When we got to the Embankment I explained to some of my constituents and friends that I would not be able to stay with them for the rest of the march because I had to get to the House for Questions. I wanted to raise with Mr. Speaker the fact that marchers were marching on the House of Commons and the weather was so bitterly cold that if they were kept waiting outside and were not allowed to come in to see their Members of Parliament there might well be trouble. I gave notice to Mr. Speaker that at the end of Question Time I would raise the question of admitting those people to the House.
Mr. Speaker, as is customary, was very kind and courteous and he gave me the opportunity of explaining that there were some 1,100 rooms ill the Palace of Westminster most of which were at various times unoccupied. I felt that those rooms should be opened to allow the taxpayers who pay our wages the opportunity to discuss their problems with their Members of Parliament. I also said that Westminster Hall should be opened to allow those people to come in and be shielded from the inclement weather, thus making them feel more contented and giving the police a better chance of controlling them.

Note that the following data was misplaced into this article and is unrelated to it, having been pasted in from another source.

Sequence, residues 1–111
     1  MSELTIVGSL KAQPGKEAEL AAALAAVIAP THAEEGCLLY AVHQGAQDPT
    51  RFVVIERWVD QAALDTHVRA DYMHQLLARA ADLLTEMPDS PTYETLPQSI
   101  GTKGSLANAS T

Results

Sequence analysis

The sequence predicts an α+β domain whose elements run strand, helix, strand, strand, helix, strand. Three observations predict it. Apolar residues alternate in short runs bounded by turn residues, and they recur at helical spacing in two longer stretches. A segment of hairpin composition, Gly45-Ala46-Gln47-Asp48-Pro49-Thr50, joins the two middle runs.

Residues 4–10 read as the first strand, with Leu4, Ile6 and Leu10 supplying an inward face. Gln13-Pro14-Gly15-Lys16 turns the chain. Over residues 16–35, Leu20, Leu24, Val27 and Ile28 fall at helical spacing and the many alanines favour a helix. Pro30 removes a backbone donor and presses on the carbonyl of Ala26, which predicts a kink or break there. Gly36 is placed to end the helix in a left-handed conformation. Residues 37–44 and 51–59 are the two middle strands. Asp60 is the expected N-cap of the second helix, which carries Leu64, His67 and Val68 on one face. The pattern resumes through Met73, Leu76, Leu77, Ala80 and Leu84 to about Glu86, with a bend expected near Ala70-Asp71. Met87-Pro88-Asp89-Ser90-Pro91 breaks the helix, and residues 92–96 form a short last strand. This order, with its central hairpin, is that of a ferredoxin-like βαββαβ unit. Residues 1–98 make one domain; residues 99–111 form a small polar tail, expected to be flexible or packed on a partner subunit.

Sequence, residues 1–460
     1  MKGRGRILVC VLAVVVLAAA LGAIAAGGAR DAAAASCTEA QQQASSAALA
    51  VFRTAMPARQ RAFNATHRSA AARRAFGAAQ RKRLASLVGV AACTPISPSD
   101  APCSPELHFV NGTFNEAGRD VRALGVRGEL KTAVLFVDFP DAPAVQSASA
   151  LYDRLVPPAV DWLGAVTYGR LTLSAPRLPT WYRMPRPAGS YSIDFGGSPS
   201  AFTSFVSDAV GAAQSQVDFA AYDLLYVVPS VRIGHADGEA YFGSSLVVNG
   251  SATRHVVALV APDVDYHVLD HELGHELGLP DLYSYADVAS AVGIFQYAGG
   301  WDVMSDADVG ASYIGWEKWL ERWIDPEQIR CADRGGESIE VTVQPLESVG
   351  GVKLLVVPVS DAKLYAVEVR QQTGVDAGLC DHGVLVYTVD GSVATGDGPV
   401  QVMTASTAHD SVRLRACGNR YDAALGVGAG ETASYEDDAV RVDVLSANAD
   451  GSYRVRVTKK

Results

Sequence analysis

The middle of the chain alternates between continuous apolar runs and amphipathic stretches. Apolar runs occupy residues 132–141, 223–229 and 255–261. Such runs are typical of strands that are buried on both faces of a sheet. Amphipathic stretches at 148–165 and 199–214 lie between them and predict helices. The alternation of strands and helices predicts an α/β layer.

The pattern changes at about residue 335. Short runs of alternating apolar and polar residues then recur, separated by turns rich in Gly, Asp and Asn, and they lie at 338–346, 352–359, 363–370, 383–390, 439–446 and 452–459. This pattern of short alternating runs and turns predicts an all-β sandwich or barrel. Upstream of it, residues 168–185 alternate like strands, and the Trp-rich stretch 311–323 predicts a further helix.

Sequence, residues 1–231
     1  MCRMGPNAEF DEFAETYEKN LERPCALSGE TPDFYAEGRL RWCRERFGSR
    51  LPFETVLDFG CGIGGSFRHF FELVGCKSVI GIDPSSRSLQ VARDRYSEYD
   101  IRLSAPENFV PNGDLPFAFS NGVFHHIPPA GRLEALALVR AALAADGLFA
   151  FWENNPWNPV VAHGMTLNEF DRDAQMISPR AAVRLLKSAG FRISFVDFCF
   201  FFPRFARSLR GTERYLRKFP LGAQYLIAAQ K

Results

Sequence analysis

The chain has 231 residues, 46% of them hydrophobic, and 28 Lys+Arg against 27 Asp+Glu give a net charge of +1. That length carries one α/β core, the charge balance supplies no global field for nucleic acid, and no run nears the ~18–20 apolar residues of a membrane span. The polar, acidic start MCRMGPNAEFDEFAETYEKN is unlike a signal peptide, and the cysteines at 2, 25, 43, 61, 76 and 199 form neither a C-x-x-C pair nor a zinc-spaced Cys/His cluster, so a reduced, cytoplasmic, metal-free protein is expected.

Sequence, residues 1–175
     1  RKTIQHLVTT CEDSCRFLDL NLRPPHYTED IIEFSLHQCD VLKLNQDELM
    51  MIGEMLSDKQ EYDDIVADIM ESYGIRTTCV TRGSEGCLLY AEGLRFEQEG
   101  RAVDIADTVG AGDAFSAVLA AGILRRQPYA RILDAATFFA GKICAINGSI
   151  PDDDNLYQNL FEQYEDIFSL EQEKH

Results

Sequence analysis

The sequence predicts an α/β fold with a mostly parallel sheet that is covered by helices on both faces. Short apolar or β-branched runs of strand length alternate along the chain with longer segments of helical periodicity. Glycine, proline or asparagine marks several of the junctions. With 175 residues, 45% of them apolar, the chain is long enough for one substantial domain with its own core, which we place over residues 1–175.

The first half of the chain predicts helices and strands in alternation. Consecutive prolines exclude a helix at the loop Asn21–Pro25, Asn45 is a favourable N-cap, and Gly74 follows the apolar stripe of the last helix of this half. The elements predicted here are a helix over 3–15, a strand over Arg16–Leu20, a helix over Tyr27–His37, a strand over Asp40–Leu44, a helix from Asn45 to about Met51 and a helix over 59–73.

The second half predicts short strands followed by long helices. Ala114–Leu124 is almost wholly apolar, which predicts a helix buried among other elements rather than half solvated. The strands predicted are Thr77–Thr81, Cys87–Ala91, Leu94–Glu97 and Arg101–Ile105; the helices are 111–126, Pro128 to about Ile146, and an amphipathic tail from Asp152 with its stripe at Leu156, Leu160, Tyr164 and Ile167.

The people were not admitted initially, but subsequently they were admitted into several Committee rooms where they were able to discuss their problems with their Members of Parliament. That is a much better way of organising lobbies. It is much better to ensure that as many members of the public as possible come into the Palace of Westminster, whether into Westminster Hall, St. Stephen's Hall, the Central Lobby or the Committee rooms. It is far better that they should be able, for example, to meet the hon. Member for West Ham. North—myself—and have a go at me, let off steam, indulge in any feelings of antagonism they may have and, say what a terrible, wicked man I am, rather than that they should stay outside in a long queue thinking what they would like to say in denigration of the hon. Member for West Ham. North.